Most films forget to place the bomb under the table – very few manage three ticking simultaneously.

Set in the early hours of this New Zealand morning, small town service station attendant and owner Horace (Mark Hadlow) wiles away the hours until an event occurs with the potential to move any financial woes well out of the red. Soon followed by Darren (Jed Brophy), at least at this juncture the most pressing threat to Horace’s life, each find themselves counting down to 6AM and what may well be the last hours for our local.

Shot on an iPhone and enjoying its Australian premiere as the first ever SF3 Best Feature winner, the form has a supreme benefit in Blue Moon’s unusual context; permitting tight shots in, around and between the two leads and even from within the bounds of the station counter from which a traditional camera could not subsist. Too permitting Blue Moon’s gruelling shooting schedule, there’s a compulsive, immediate resonance to the abounding chemistry between the two leads here well captured by a device that allowed both uncommonly long takes and an unusual intimacy between the performers and those trying to capture that shared charisma.   

The three time bombs deployed at different points and each serving their purpose of increasingly involving us, there’s an excellent stretch of the film where all are set to explode simultaneously and it’s a joy to see, as are a few of the elements seamlessly woven into the story doing well to pay off later. Moreover, this drama, and any, would fairly benefit with the active co-operation of the local arm of the law. Blue Moon’s Director Stefen Harris too being a front line Police Officer, there’s a strong presence and evident sense of investment from the region’s Police Force, adding a welcome dimension of realism to what was amazingly, and to the great credit of those involved, shot on a NZD $15,000 budget.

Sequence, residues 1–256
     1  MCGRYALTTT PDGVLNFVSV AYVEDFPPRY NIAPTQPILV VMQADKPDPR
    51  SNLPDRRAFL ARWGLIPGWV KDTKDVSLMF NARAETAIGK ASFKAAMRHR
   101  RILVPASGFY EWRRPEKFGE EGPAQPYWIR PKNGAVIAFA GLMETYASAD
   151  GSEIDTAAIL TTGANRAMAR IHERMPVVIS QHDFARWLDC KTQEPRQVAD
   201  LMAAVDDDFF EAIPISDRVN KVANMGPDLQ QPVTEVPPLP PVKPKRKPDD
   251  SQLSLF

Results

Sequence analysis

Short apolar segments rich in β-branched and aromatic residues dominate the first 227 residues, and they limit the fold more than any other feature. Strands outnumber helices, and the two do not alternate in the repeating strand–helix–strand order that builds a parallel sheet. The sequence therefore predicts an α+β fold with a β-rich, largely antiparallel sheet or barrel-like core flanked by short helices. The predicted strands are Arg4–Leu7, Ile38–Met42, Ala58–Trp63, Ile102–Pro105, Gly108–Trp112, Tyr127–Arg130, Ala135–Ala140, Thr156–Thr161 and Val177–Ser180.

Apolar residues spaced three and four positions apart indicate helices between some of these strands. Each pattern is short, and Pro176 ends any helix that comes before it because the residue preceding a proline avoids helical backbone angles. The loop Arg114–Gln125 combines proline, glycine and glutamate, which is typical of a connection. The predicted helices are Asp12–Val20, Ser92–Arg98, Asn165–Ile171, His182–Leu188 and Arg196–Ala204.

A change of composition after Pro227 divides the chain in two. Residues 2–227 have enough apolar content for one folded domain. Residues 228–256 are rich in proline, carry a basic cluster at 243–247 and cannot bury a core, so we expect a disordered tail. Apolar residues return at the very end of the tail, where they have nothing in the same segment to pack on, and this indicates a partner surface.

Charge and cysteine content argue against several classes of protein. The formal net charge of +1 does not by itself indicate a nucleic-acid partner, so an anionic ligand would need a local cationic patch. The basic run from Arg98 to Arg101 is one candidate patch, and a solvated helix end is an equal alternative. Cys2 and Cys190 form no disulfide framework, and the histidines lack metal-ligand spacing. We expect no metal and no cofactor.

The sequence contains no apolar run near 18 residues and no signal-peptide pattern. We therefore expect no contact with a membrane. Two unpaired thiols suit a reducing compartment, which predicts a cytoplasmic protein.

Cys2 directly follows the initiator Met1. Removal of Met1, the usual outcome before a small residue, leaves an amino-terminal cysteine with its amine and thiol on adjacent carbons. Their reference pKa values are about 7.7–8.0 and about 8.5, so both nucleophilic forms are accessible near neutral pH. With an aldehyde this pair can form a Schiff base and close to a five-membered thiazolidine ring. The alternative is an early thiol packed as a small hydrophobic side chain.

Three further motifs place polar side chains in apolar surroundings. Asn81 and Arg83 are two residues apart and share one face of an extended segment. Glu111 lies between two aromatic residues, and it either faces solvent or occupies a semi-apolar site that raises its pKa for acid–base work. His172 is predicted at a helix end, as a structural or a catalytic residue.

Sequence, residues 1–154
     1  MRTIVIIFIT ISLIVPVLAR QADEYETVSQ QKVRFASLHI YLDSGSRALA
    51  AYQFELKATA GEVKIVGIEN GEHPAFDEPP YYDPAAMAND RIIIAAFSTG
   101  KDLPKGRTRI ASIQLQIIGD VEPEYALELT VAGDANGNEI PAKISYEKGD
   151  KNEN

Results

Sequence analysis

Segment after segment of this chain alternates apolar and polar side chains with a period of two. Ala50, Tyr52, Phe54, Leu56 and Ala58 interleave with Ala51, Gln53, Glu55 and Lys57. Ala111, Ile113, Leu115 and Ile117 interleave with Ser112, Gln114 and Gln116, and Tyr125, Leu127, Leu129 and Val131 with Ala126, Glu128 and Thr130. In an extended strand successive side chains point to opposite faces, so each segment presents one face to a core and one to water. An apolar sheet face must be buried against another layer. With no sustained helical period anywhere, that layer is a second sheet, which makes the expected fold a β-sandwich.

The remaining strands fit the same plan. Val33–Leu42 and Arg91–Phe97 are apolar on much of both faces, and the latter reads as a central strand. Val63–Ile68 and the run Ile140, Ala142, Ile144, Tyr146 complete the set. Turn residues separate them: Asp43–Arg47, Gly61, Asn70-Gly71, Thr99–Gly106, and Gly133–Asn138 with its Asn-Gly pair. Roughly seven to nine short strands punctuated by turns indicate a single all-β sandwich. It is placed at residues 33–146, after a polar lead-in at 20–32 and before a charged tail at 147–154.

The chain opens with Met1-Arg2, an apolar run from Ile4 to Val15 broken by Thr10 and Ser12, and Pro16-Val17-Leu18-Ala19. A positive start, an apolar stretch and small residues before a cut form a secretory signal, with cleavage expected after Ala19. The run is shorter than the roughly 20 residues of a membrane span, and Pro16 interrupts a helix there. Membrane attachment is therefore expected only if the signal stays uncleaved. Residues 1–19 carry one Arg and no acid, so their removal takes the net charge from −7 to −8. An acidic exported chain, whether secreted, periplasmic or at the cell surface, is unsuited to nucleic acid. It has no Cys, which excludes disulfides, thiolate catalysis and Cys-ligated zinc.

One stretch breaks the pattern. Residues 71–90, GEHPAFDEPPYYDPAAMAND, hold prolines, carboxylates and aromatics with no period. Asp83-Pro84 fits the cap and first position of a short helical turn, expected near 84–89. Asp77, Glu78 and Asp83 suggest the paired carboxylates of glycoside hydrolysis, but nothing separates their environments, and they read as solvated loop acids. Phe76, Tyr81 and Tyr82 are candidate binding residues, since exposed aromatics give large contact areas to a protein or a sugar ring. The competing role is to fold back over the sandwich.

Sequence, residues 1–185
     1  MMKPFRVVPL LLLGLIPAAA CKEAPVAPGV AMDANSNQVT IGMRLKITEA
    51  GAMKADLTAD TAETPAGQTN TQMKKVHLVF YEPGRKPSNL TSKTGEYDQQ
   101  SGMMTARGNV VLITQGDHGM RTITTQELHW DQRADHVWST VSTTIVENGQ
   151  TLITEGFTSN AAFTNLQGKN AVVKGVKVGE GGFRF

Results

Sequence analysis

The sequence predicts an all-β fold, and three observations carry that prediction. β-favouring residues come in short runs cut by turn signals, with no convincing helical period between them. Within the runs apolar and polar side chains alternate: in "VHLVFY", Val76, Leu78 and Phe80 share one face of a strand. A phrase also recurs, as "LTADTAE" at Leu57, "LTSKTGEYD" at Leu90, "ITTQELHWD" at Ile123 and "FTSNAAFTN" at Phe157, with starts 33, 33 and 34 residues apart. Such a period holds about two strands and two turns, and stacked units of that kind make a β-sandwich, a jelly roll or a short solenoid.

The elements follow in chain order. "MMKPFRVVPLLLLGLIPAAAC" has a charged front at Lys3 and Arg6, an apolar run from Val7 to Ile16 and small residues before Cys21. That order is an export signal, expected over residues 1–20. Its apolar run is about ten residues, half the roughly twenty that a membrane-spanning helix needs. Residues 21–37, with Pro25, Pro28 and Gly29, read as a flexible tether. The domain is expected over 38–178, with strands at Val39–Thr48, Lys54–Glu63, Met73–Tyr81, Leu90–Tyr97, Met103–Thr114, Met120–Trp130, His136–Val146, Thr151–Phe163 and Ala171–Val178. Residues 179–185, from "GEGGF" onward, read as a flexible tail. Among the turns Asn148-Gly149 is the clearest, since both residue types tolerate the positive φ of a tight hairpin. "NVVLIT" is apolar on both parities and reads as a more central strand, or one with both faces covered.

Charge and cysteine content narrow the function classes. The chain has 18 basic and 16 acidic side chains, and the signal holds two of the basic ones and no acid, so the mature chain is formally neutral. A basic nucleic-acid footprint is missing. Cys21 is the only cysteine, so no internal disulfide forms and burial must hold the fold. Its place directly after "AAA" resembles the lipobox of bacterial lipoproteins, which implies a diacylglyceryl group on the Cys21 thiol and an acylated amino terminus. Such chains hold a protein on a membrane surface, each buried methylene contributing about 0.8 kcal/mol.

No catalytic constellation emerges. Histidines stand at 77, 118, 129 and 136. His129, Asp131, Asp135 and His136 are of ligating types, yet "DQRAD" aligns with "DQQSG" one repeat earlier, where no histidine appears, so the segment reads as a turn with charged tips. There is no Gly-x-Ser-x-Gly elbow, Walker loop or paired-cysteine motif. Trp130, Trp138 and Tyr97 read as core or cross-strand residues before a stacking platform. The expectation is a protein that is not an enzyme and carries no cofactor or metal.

The September weekend also highlighted Australia’s best smartphone shorts, with 2019’s top prize going to Sad Sachs from local filmmaker Joel Perlgut alongside Best Screenplay, Cinematography Runner-Up, Best Actor & Actress. Exceptionally well shot and following the misadventures of three mishpocha on their way to a wedding, the tight dialogue and scripting at the outset, registering barely above satire for how Jewish friends and family might and would routinely interact, is indeed very funny. 

Colder by Kenny Foo nabbed Best Cinematography for Bryan Fisher; a clever, contained shocker not for the too faint of heart which emerged alongside 2017’s Best Film winner Rearview by Ren Thackham as the best horror entry in now 5 years of SF3.

The Broadcast by Best Director winner and Russian filmmaker Daria Sviridenko distinguished itself as one of the few and still uncommon entries to cleverly integrate the necessary shooting format into the narrative as the phone’s perspective followed characters about their environment. They’re Listening by Rachael Belle Myers, winner of the WIFT Award for Best Female Creative, was a highlight of the night; a clean, light-hearted bottle comedy of sorts both, among more than one entry, serving as a cautionary tale as to our dependence on the very method with which each entry was executed and delivering the sort of shrewd, button ending to which most shorts aspire.

Fugitivos by Frank Benitez, likewise delivering a memorable conclusion, among the 15 finalists too did well to stand out with a crisply shot, character-driven road-movie skilfully crammed into just a few minutes.

It’s another strong year for SF3 which has only grown in reach, scope and diversity of entries and is only set to expand further with increasing notoriety, established and emerging filmmaker contributions and too the prospect of further feature entries to complement the recurring crop of Australia’s reliably best smartphone shorts.

Blue Moon screened as part of SF3 and will screen as part of the Sydney Indie Film Festival on October 26

on Falkenscreen